Sweden boasts ‘net profit of immigrant talent’

Sweden last year attracted more talent than it lost, with engineers topping the table of immigrants. In Europe, the biggest influx of professionals was to Germany, but a Middle Eastern country outperformed all surveyed markets.

Sweden boasts 'net profit of immigrant talent'
Photo: Shutterstock

Professional networking site LinkedIn took a better look at its members in a selection of 20 countries to analyze their migration. 

"This mobility of professional talent can tell us a great deal about the state of economic opportunity and the health of the global economy," spokeswoman Lindsey Ahearne said in a statement. 

The aim was, she said,  "to see which were the overall winners and losers of talent in 2013.

Last year, Sweden saw immigration outperform emigration – putting it among the countries who saw a "net profit of talent".

But at a slim 0.1 percent net gain, Sweden hovered just above the Netherlands which saw plus minus zero results in 2013. And Sweden was nowhere near the top dog, the United Arab Emirates, which had a 1.4 percent net gain.

Engineers were top of the list of professionals leaving Sweden, followed by publishers, people working in politics, then in sales, and finally professionals in science-related industries.

Engineers also, however, moved to Sweden more than any other group of professionals. The top five list of professional sectors that saw an influx also included politics, sales, and publishing.

The immigrant list echoed the emigrant list apart from one category – many new arrivals to Sweden work in business and management. 

Spain was at the bottom of the surveyed countries, with a net loss of 0.3 percent. Twenty percent of emigrating Spaniards set sail for Latin America, but the majority – 60 percent – moved to other European countries. 

Germany appeared to be a preferred destination in Europe for professionals.

"Germany has achieved a net gain of 0.4 percent showing it is one of Europe’s strongest and most resilient economies," LinkedIn stated. "Our analysis indicates that over 60 percent of (LinkedIn) members moving to Germany in the past year came from another European country."


Member comments

Log in here to leave a comment.
Become a Member to leave a comment.
For members


Reader question: When am I eligible for a Swedish pension?

A reader got in touch to ask how long he had to work in Sweden before he was eligible for a pension. Here are Sweden's pension rules, and how you can get your pension when the time comes.

Reader question: When am I eligible for a Swedish pension?

The Swedish pension is part of the country’s social insurance system, and it can seem like a confusing beast at times. The good news is that if you’re living and working here, you’ll almost certainly be earning towards a pension, and you’ll be able to get that money even if you move elsewhere before retirement.

You will start earning your Swedish general pension, or allmän pension, once you’ve earned over 20,431 kronor in a single year, and – for almost all kinds of pension in Sweden – there is no time limit on how long you must have lived in Sweden before you are eligible.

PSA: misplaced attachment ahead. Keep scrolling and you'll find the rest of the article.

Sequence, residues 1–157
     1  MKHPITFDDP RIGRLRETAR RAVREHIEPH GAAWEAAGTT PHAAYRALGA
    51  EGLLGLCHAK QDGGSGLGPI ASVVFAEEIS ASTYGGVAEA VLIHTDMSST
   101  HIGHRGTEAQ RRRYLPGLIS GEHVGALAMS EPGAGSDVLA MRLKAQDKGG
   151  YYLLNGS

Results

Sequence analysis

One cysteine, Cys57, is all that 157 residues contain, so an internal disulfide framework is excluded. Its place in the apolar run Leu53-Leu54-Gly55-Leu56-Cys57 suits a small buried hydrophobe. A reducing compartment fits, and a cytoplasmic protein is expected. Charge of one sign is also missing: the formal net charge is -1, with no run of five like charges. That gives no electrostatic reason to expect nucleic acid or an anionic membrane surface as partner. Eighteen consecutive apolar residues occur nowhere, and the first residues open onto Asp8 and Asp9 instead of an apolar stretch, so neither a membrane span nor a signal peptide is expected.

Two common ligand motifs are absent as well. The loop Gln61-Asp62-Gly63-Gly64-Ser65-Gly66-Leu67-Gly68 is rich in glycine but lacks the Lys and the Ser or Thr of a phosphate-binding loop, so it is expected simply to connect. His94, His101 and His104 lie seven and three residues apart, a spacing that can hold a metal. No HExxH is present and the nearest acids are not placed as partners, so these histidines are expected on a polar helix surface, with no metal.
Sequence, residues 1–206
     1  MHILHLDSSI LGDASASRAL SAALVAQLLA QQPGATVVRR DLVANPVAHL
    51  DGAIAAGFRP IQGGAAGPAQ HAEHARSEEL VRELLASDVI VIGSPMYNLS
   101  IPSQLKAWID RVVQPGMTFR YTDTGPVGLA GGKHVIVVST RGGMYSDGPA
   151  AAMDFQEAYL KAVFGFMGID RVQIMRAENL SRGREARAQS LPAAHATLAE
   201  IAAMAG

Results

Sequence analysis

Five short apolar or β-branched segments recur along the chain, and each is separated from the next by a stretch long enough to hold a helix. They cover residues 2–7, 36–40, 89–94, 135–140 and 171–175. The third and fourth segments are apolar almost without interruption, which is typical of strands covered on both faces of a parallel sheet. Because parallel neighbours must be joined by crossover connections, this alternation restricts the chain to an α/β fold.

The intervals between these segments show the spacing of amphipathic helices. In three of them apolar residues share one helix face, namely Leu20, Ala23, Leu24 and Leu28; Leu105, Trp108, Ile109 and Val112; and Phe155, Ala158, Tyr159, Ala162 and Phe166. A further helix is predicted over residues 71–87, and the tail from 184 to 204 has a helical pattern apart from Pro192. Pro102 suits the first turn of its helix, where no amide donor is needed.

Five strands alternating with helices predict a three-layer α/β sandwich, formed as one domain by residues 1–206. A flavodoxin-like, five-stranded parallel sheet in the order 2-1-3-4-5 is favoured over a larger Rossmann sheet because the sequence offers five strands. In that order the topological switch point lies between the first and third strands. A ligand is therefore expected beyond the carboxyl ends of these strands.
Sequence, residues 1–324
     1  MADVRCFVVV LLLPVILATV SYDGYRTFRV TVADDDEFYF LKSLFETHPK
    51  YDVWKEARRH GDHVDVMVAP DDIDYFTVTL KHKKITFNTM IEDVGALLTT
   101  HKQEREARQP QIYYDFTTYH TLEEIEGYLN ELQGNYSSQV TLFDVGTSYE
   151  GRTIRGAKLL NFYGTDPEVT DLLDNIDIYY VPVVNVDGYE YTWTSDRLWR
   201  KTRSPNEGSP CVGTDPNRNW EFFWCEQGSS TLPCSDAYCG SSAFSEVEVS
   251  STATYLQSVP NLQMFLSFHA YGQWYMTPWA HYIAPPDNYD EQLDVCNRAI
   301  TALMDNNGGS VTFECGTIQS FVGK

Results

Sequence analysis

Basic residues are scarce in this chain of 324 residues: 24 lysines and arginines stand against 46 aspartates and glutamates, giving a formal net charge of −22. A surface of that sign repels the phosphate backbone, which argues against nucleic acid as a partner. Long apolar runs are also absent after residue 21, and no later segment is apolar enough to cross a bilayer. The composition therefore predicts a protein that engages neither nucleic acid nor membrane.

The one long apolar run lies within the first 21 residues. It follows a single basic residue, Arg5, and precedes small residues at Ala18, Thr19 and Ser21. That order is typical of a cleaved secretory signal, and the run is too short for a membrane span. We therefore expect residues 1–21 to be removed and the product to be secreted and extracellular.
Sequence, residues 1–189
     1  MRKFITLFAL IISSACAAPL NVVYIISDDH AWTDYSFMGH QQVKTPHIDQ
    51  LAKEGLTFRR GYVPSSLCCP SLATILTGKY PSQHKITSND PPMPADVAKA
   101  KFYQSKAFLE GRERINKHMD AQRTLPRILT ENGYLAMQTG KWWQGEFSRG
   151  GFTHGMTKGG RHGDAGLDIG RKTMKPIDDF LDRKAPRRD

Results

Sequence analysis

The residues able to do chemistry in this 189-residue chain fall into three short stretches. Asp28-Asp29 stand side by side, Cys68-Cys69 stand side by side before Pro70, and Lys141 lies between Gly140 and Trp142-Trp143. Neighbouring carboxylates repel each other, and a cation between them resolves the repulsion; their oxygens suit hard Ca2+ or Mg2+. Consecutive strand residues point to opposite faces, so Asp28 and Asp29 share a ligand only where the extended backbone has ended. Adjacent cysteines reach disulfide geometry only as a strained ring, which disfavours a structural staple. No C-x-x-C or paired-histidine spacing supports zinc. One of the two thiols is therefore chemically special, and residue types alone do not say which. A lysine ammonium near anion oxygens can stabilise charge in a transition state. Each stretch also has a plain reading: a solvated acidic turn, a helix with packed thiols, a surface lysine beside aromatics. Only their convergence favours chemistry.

The exception is the minimum guarantee pension, or garantipension, which you can receive whether you’ve worked or not. To be eligible at all for this, you need to have lived in Sweden for a period of at least three years before you are 65 years old. 

“There’s a limit, but it’s a money limit,” Johan Andersson, press secretary at the Swedish Pension Agency told The Local about the general pension. “When you reach the point that you start paying tax, you start paying into your pension.”

“But you have to apply for your pension, make sure you get in touch with us when you want to start receiving it,” he said.

Here’s our in-depth guide on how you can maximise your Swedish pension, even if you’re only planning on staying in Sweden short-term.

Those who spend only a few years working in Sweden will earn a much smaller pension than people who work here for their whole lives, but they are still entitled to something – people who have worked in Sweden will keep their income pension, premium pension, supplementary pension and occupational pension that they have earned in Sweden, even if they move to another country. The pension is paid no matter where in the world you live, but must be applied for – it is not automatically paid out at retirement age.

If you retire in the EU/EEA, or another country with which Sweden has a pension agreement, you just need to apply to the pension authority in your country of residence in order to start drawing your Swedish pension. If you live in a different country, you should contact the Swedish Pensions Agency for advice on accessing your pension, which is done by filling out a form (look for the form called Ansök om allmän pension – om du är bosatt utanför Sverige).

The agency recommends beginning the application process at least three months before you plan to take the pension, and ideally six months beforehand if you live abroad. It’s possible to have the pension paid into either a Swedish bank account or an account outside Sweden.

A guarantee pension – for those who live on a low income or no income while in Sweden – can be paid to those living in Sweden, an EU/EEA country, Switzerland or, in some cases, Canada. This is the only Swedish pension which is affected by how long you’ve lived in Sweden – you can only receive it if you’ve lived in the country for at least three years before the age of 65.

“The guarantee pension is residence based,” Andersson said. “But it’s lower if you haven’t lived in Sweden for at least 40 years. You are eligible for it after living in Sweden for only three years, but it won’t be that much.”